But the state Senate session ended with a bitter partisan battle early Saturday, after Republicans blocked all bills requiring a two-thirds vote, raising doubts about whether there really is enough goodwill to reach accord on major policy issues such as water.
California lawmakers spent the last day of the regular legislative session Friday passing a flurry of bills, including legislation that would reduce the state prison population by 16,000 inmates. Lawmakers also approved the nation's most ambitious renewable-energy standards.
They fell short of their goal to upgrade the state's decades-old water system, which was expected to be the most contentious issue. The Democratic leaders of the Assembly and Senate said they would ask Gov. Arnold Schwarzenegger to call a special session so the water negotiations could continue.
"Everyone agrees that we are close and that we have made a decade's worth of progress in just a few weeks, but there is still some more work to do," Senate President Pro Tem Darrell Steinberg said in a statement.
Jeff Macedo, a spokesman for Schwarzenegger, said the governor had no immediate response.
The Democrats offered a package that would include $12 billion in bonds, half of which they said would go toward reservoirs, underground water storage and restoring the Sacramento-San Joaquin Delta, the heart of California's water-delivery system.
According to a draft of the water bills, the bonds would be divided over two elections - one next year and one in 2014. About $3 billion would be dedicated to increasing water storage, but the money would be awarded by a commission based on a competition between potential projects.
Republicans said the bills' language would make it difficult to fund new dams, a priority for the minority party. Sen. Dave Cogdill of Modesto, one of the Republicans' lead negotiators, called the Democratic package unacceptable.
"The proposals that the majority were putting up for a vote would have not added a single drop of new water in our state," he said in a statement. "Republicans agree our fragile delta needs to be fixed, but we have been clear that environmental protection should not come at the price of economic destruction."
GOP lawmakers said the legislation contained a loophole that would prevent additional dams from being built. They worry that a commission would favor underground storage.
Republicans also oppose splitting the bonds over two election cycles, saying voters should have a chance to vote on a single package intended to solve the state's water problems for years to come. They also criticized a Democratic proposal to create a new bureaucracy to oversee how farmers could use water they receive from the delta.
In a statement after the water proposal fizzled, Steinberg and Assembly Speaker Karen Bass said they remained confident the Legislature could still pass a comprehensive water package.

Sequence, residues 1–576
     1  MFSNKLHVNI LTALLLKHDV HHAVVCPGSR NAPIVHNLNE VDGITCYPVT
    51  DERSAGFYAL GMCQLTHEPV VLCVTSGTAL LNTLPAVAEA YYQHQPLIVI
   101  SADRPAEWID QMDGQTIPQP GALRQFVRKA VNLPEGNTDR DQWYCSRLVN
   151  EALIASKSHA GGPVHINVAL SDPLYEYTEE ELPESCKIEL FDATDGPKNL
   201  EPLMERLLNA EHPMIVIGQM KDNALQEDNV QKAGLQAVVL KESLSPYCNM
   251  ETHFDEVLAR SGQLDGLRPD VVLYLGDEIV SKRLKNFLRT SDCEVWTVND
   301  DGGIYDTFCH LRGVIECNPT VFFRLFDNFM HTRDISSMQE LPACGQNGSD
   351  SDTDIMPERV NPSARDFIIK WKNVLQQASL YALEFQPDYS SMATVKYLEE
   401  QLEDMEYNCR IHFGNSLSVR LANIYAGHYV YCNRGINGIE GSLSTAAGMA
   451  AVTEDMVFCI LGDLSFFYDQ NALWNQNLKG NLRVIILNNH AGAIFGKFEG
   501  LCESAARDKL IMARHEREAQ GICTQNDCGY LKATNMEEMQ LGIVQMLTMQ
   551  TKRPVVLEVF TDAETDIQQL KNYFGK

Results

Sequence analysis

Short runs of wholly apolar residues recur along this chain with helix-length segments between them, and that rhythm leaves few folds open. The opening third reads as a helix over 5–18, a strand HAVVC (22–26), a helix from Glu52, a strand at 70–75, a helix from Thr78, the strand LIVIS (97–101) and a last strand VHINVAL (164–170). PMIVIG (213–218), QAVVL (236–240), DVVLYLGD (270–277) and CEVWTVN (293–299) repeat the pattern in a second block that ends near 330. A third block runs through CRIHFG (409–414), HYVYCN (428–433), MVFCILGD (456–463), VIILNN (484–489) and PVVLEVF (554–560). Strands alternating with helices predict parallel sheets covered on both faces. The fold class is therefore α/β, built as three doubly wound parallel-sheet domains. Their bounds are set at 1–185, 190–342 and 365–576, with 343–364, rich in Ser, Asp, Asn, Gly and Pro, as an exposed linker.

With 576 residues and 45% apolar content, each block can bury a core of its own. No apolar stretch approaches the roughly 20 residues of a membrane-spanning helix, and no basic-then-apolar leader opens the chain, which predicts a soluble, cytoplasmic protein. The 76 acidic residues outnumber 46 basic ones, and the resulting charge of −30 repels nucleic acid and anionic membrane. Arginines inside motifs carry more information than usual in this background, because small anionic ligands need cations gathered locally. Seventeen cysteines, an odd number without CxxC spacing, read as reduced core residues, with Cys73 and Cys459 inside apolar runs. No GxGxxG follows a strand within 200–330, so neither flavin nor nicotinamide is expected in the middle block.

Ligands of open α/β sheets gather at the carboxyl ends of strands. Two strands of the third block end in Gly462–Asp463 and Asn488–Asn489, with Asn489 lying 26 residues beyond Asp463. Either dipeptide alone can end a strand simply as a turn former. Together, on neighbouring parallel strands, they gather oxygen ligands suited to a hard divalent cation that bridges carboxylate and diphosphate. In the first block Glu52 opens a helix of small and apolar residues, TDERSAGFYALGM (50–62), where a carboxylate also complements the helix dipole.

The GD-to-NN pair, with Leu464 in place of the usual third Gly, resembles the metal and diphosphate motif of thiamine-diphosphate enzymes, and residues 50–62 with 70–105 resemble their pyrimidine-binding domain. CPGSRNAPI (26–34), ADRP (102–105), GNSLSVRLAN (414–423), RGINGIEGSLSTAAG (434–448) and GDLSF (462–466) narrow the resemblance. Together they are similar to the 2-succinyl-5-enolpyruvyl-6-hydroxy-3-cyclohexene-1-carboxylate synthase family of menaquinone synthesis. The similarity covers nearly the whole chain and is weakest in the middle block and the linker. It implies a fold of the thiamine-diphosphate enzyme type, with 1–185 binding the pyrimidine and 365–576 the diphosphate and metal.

"Any time you have Westlands Water District and the Natural Resources Defense Council united, you know you are close and that's what we had here. That's how far we had come," said Bass, D-Los Angeles, referring to one of California's major agricultural irrigation districts and a leading environmental group.
Republican lawmakers and Schwarzenegger have been adamant that any water legislation include dedicated funding for new dams and create a process by which the state will consider building a canal to route fresh water around the environmentally sensitive delta.
It wasn't clear whether the Democratic plan being circulated Friday met the governor's criteria or whether he would agree to the calls for a special session. He already has called special sessions on education and tax reform.
Another of Schwarzenegger's priorities is a bill requiring California utilities to generate 33 percent of their power from renewable energy sources by 2020. He and some Republican lawmakers have criticized Democrats' attempts to restrict the amount of alternative power that utilities can receive from outside the state, saying it will lead to higher energy costs for California consumers.
Democrats are seeking to protect unionized jobs in California, but utilities say they need the flexibility to seek wind, solar and geothermal sources from throughout the West.
"Today is the day we start freeing ourselves from our dependence on fossil fuels," said Assemblyman Paul Krekorian, D-Burbank, shortly before the Assembly approved the measure.
Many Republican lawmakers warned that the legislation would become an economic disaster for California, leading to higher utility bills and driving more businesses out of state.
Assemblyman Chuck DeVore, R-Irvine, said California's electricity costs already are higher than the national average and would climb by 30 percent as utilities try to meet the renewable energy standard.
"This is one of the most spectacularly bad pieces of legislation I have seen in my five years in the state Assembly," he said.
It was not clear whether the governor would support the package if it included caps on the amount of out-of-state power utilities could import.
Lawmakers also finished business left over from negotiations earlier this summer to close a $26 billion budget deficit. Part of that deal called for cutting $1.2 billion from the corrections system's budget, but the Senate and Assembly disagreed over how to do that.
On Friday, the Senate approved the Assembly's version of a prison bill that will reduce the prison population by 16,000 inmates in the current fiscal year. It does so by changing parole supervision to focus on only the most violent offenders, expanding early release credits for inmates enrolled in rehabilitation programs and reducing some property crimes from felonies to misdemeanors.
Rachel Cameron, a spokeswoman for Schwarzenegger, said the governor will sign the prison bill even though he supported a plan that would have released or diverted from prison some 27,000 inmates.